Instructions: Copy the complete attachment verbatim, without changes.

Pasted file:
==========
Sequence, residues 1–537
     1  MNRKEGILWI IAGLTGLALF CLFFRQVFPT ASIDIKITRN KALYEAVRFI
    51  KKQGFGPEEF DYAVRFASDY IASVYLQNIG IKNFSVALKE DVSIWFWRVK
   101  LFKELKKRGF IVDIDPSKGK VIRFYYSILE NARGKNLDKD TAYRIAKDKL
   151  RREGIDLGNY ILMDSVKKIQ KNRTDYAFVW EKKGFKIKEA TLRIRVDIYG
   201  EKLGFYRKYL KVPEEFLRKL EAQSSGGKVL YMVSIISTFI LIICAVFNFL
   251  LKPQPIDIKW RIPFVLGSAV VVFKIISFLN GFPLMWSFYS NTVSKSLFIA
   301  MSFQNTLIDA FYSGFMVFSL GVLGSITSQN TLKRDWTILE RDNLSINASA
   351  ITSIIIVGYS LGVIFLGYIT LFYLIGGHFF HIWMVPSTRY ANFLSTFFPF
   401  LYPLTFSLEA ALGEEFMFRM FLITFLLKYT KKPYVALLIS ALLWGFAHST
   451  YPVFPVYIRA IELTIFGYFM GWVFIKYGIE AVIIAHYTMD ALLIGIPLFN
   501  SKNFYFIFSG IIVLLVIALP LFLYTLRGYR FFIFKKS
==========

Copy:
Sequence, residues 1–537
     1  MNRKEGILWI IAGLTGLALF CLFFRQVFPT ASIDIKITRN KALYEAVRFI
    51  KKQGFGPEEF DYAVRFASDY IASVYLQNIG IKNFSVALKE DVSIWFWRVK
   101  LFKELKKRGF IVDIDPSKGK VIRFYYSILE NARGKNLDKD TAYRIAKDKL
   151  RREGIDLGNY ILMDSVKKIQ KNRTDYAFVW EKKGFKIKEA TLRIRVDIYG
   201  EKLGFYRKYL KVPEEFLRKL EAQSSGGKVL YMVSIISTFI LIICAVFNFL
   251  LKPQPIDIKW RIPFVLGSAV VVFKIISFLN GFPLMWSFYS NTVSKSLFIA
   301  MSFQNTLIDA FYSGFMVFSL GVLGSITSQN TLKRDWTILE RDNLSINASA
   351  ITSIIIVGYS LGVIFLGYIT LFYLIGGHFF HIWMVPSTRY ANFLSTFFPF
   401  LYPLTFSLEA ALGEEFMFRM FLITFLLKYT KKPYVALLIS ALLWGFAHST
   451  YPVFPVYIRA IELTIFGYFM GWVFIKYGIE AVIIAHYTMD ALLIGIPLFN
   501  SKNFYFIFSG IIVLLVIALP LFLYTLRGYR FFIFKKS